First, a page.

Rilke in Translation: Uncovering the Panther in the English Language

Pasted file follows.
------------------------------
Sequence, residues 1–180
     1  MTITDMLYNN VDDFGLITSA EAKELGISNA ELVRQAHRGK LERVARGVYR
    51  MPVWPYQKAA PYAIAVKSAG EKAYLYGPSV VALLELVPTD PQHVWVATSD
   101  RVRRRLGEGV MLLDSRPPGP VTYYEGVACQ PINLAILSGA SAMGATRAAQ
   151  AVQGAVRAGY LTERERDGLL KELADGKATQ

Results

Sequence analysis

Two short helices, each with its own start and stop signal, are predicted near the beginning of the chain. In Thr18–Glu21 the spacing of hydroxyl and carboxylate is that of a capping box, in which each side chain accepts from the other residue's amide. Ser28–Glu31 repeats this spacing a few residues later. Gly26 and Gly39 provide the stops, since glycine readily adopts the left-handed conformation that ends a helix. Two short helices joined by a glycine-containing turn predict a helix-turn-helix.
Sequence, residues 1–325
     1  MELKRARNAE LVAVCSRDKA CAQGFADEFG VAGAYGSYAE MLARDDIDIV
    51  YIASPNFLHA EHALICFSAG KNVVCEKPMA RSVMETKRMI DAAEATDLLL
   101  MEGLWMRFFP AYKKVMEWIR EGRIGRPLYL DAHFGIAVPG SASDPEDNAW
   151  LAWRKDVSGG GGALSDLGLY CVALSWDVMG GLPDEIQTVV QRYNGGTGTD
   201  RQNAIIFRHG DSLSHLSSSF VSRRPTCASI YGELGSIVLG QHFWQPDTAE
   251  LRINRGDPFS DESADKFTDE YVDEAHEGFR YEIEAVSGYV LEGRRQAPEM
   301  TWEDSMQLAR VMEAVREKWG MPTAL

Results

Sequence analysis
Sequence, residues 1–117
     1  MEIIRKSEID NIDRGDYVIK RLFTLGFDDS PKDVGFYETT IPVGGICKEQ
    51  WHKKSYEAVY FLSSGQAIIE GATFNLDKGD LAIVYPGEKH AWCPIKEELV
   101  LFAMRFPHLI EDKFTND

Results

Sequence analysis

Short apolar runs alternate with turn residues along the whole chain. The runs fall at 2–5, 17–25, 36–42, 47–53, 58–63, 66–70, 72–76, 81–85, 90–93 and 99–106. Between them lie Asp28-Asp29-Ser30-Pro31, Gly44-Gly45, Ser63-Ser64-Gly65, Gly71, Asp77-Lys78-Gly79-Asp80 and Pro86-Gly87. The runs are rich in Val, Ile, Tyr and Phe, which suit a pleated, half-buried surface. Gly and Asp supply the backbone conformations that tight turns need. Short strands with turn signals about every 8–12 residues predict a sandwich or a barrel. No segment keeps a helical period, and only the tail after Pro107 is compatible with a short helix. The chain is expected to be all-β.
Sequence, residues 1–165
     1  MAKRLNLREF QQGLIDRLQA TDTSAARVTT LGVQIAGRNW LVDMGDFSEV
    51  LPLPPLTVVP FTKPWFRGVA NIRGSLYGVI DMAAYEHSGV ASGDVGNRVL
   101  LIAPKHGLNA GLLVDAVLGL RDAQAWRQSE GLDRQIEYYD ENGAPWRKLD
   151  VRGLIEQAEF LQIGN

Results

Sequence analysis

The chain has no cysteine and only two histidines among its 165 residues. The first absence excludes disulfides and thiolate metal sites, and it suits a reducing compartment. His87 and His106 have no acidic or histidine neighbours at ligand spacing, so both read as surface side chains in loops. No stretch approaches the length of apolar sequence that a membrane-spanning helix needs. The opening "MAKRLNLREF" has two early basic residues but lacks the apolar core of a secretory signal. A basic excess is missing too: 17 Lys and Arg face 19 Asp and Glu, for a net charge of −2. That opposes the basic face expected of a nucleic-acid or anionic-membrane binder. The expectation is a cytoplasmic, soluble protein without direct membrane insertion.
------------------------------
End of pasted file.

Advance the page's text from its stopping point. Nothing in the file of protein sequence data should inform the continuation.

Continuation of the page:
Walter Benjamin’s influential essay, The Task of the Translator, reflects on how translation can be used to create new works of art and literature instead of attempting to create exact replicas of original works. Rather than translating by searching for words in the target language that are most equivalent to words in the original language, Benjamin encourages the practice of translation as a process which lets two languages influence and change one another. Using Benjamin as a guide, I attempt to create an English translation of Rainer Maria Rilke’s German language poem “Der Panther” that distributes the meaning of the original work throughout the entire translation. To do this, I shift my focus away from translating words and phrases in isolation to reflect on how the effects of seemingly small translation choices reverberate through the work as a whole. I will also compare my translation to the historically important translations of “Der Panther” by Stephen Mitchell, Robert Bly, and C. F. MacIntyre, and argue how mine allows for analyses of themes such as stillness, the panther’s mental state, and the panther’s mind-body relation which more closely emulate Rilke’s original work.
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